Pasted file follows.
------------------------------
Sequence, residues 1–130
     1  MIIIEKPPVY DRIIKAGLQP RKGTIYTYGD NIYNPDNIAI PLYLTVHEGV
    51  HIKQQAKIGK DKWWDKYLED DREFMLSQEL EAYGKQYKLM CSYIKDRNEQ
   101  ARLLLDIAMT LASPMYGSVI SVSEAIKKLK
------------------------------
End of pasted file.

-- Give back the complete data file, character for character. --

Sequence, residues 1–130
     1  MIIIEKPPVY DRIIKAGLQP RKGTIYTYGD NIYNPDNIAI PLYLTVHEGV
    51  HIKQQAKIGK DKWWDKYLED DREFMLSQEL EAYGKQYKLM CSYIKDRNEQ
   101  ARLLLDIAMT LASPMYGSVI SVSEAIKKLK